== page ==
Study Proposes Ways to Improve Geological Trapping

Findings from a new study from Kyushu University’s International Institute for Carbon-Neutral Energy Research (I2CNER) showed that trapped carbon dioxide can be converted into harmless minerals.

The rocks below the earth’s surface are highly porous, and trapping involves injecting CO2 into the pores after collecting it from its emission source. Although CO2 is usually considered too stable to react chemically with rock, it can bind tightly to the surface by physical adsorption. Eventually it dissolves in water, forming carbonic acid, which can react with aqueous metals to form carbonate minerals.

“Mineralization is the most stable method of long-term CO2 storage, locking CO2 into a completely secure form that can’t be re-emitted,” explained first study author Jihui Jia. “This was once thought to take thousands of years, but that view is rapidly changing. The chemical reactions are not fully understood because they’re so hard to reproduce in the lab. This is where modeling comes in.”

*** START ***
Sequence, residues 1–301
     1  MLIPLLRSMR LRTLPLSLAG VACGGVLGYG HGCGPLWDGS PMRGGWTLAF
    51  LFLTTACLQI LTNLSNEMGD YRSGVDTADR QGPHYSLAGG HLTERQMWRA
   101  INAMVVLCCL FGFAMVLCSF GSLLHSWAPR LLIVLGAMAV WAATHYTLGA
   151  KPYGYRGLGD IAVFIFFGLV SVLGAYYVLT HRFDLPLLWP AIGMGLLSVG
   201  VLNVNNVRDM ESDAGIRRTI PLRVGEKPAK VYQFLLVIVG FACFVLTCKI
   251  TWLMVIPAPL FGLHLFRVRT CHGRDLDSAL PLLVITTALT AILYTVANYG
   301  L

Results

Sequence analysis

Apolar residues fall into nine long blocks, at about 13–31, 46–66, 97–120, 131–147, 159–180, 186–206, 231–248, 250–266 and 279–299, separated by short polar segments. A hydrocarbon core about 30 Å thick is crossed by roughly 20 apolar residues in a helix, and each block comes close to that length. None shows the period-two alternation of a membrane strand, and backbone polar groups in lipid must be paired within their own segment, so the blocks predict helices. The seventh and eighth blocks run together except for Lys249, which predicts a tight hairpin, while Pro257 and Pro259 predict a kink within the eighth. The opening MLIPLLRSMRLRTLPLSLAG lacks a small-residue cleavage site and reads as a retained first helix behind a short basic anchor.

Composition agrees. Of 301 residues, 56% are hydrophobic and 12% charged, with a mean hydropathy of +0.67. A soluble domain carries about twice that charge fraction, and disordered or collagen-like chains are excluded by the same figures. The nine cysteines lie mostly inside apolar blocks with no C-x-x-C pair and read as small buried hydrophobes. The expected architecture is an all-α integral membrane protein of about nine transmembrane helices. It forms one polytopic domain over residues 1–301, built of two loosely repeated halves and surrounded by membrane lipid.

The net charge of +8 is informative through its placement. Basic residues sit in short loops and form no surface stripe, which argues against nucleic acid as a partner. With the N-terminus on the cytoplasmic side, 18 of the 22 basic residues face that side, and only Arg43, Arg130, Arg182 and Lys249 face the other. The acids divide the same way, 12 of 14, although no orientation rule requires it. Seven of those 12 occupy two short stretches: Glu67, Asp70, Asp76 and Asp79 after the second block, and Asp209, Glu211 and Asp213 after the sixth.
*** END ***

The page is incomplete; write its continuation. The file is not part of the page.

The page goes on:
The team conducted a first round of simulations to predict what happens when carbon dioxide collides with a cleaved quartz surface—quartz (SiO2) abundant in the earth’s crust. When the simulation trajectories were played back, the CO2 molecules were observed to bend from their linear O=C=O shape to form trigonal CO3 units bonded with the quartz.

In the next series of simulations, H2O molecules were added to mimic the “formation water” that is often present beneath oil and gas drilling sites. The H2O molecules spontaneously attacked the reactive CO3 structures, breaking the Si–O bonds to produce carbonate ions. Like carbonic acid, carbonate ions can react with dissolved metal cations (such as Mg2+, Ca2+, and Fe2+) to bind carbon permanently into mineral form.

Together, the simulations show that both steps of CO2 mineralization—carbonation (binding to rock) and hydrolysis (reacting with water)—are favorable. Moreover, free carbonate ions can be made by hydrolysis, not just by dissociation of carbonic acid, as was once believed. These insights relied on a sophisticated form of molecular dynamics that models not just the physical collisions between atoms, but electron transfer, the essence of chemistry.

According to lead study author Takeshi Tsuji. “For quartz to capture CO2, it must be a cleaved surface, so the silicon and oxygen atoms have reactive ‘dangling’ bonds. In real life, however, the surface might be protected by hydrogen bonding and cations, which would prevent mineralization. We need a way to strip off those cations or dehydrogenate the surface.”

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